Niketas 3

Prosopography of the Byzantine Empire
FloruitE VIII
Dates718 (taq) / 718 (ob.)
PmbZ No.5372
LocationsXylinites (Monastery of, Constantinople) (property);
Constantinople (officeplace);
Constantinople (residence);
TitlesMagistros (dignity);
Patrikios (dignity)
Textual SourcesLeo Grammaticus, Chronographia, ed. I. Bekker (Bonn, 1842) (chronicle);
Nicephorus, Breviarium Historiae, ed. C. Mango, Nikephoros, Patriarch of Constantinople: Short History; prev. ed. C. de Boor Nicephori ArchiepiscopiConstantinopolitani Opuscula Historica Leipzig 1880 (history);
Theophanes Confessor, Chronographia, ed. C. de Boor, 2 vols. (Leipzig, 1883-85, repr. Hildesheim/NewYork, 1980); tr. and comm. C. Mango and R. Scott, The Chronicle of Theophanes Confessor, Oxford 1997 (chronicle);
Zonaras = Ioannis Zonarae Epitome Historiarum, libri XIII-XVIII, ed. Th. Büttner-Wobst, (Bonn, 1897) (history)

Nicknamed Xylinites, in 718 Niketas 3 was a magister in Constantinople: Nic. Brev. de Boor 55-56, Mango 57:9 (Νικήταν τὸν μάγιστρον τὸ ἐπίκλην Ξυλινίτην; also τοῦ τὴν ἀξίαν μαγίστρου), Theoph. AM 6211 (Νικήτας ὁ Ξυλινίτης; also τὴν τοῦ Ξυλινίτου οὐσίαν μαγίστρου αὐτου ὑπάρχοντος), Zon. XV 2. 15 (ὁ δὲ μάγιστρος Νικήτας ὁ Ξυλινίτης). In 718 he was involved in the attempt by Artemios (i.e. Anastasios 6, the exiled former emperor Anastasios II) to regain the throne, but the accounts in Nicephorus and Theophanes differ on his role. According to Nicephorus, Artemios (Anastasios 6) wrote to him among others in Constantinople for support in his attempt to regain the throne; the letters were discovered and he was arrested and tortured until he admitted his part in the plot and was then beheaded: Nic. Brev. de Boor 55-6, Mango 55. According to Theophanes Niketas 3 wrote to Artemios (Anastasios 6) (then in Thessalonike) urging him to visit the Bulgar leader Tervel 1 to obtain his support for an attempt on the throne; when the expedition reached Constantinople and met with no support, the Bulgars surrendered Artemios (Anastasios 6) to the emperor, who executed Artemios (Anastasios 6) and Niketas 3 and confiscated the property of Niketas 3, which was very large: Theoph. AM 6211, cf. Zon. XV 2. 15-18 (following Theophanes's version). For the link between Artemios (Anastasios 6) and the Bulgars, see Sisinnios 2. The role of Sisinnios 2 is totally obscured in Theophanes, who has apparently omitted it from his summary of his source and begun his version only from the point where Artemios (Anastasios 6) was told to proceed to the Bulgars to join the expedition to Constantinople. In the later tradition from Symeon the Logothete he is styled Niketas Xylinites patrikios (Νικήτας δὲ ὁ πατρίκιος ὁ Ξυλινίτης); with other patrikioi (μετὰ καὶ ἑτέρων πατρικίων) he won over Terbel (Tervel 1) and they marched against Leo III but were betrayed by some of the Bulgars and executed (there is no mention in Leo Grammaticus of Anastasios): Leo Gramm. 179, 11-16, cf. Theod. Mel. 123, 26-124, 2, Symeon Slav. 78, 21-24. The version in the Arabic source Agapius is similar to that of Theophanes; Niketas is not named but alluded to as "un certain patrice grec" (Vasiliev's translation) who incited Anastasios 6 to rebel against Leo III (Leo 3); Anastasios 6 obtained the support of the Bulgars and marched to Constantinople, but when the people there gave no support to Anastasios 6, the Bulgars handed him over to Leo 3; once the Bulgars had withdrawn Anastasios 6 and the "patricians" were executed by Leo 3: Agapius, Kitab al-`unwan (in PO 8), p. 503. See Rochow, Theophanes, pp. 100-101. On the name Xylinites, see Winkelmann, Quellenstudien 181, 218.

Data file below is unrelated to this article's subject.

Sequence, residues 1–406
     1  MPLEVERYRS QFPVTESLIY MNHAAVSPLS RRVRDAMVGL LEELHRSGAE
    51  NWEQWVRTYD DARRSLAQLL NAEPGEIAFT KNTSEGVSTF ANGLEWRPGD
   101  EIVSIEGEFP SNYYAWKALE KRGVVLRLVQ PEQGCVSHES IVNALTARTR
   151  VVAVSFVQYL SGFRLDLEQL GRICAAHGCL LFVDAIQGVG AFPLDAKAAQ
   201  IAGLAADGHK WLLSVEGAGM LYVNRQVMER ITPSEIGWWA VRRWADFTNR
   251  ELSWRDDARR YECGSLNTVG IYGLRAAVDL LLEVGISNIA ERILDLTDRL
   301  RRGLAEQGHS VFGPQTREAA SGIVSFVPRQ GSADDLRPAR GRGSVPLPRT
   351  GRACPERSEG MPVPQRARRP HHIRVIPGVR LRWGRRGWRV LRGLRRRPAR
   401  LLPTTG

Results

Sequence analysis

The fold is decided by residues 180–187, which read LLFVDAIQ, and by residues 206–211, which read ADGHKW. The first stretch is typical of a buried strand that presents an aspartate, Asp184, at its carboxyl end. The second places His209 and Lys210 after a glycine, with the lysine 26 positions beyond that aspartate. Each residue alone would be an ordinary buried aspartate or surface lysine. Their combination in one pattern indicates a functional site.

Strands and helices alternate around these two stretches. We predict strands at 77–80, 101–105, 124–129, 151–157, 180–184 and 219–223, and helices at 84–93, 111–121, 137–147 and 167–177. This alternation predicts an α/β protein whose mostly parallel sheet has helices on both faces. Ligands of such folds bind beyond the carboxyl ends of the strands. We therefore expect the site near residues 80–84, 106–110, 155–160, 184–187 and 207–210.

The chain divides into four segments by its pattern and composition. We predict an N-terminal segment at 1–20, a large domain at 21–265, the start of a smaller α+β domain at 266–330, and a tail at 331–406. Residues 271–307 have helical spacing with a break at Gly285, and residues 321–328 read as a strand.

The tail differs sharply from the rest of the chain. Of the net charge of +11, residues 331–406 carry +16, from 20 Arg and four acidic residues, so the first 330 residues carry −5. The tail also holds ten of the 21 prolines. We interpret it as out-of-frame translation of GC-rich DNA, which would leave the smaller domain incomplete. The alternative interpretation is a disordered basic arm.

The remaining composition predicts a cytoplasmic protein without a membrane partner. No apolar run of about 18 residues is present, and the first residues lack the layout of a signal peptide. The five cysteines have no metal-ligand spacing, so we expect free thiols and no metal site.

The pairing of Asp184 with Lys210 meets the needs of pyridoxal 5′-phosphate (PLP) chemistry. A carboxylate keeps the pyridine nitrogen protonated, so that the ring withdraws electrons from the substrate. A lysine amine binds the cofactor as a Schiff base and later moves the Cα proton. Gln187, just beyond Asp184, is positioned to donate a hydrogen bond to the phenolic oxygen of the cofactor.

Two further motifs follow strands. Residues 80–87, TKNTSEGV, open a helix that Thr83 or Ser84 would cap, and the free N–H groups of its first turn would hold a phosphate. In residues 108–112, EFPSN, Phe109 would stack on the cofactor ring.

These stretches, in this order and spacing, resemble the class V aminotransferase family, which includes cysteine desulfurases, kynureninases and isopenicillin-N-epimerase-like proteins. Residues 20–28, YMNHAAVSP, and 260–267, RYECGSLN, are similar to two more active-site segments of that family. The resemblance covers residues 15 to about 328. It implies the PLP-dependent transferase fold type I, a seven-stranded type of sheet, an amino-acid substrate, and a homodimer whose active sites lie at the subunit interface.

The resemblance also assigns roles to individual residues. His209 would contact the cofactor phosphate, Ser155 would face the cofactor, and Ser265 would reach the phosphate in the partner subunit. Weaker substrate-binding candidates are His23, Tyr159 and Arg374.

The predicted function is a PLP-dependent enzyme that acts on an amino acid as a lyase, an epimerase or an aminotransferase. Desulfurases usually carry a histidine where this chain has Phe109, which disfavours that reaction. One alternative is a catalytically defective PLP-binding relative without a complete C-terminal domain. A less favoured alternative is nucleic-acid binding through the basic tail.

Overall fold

Niketas 3 was a magistros who founded the monastery later known as the Monastery of Xylinites (τοῦ Ξυλινίτου) in Constantinople: Patria Const., p. 276 line 13.

(Publishable link for this person: )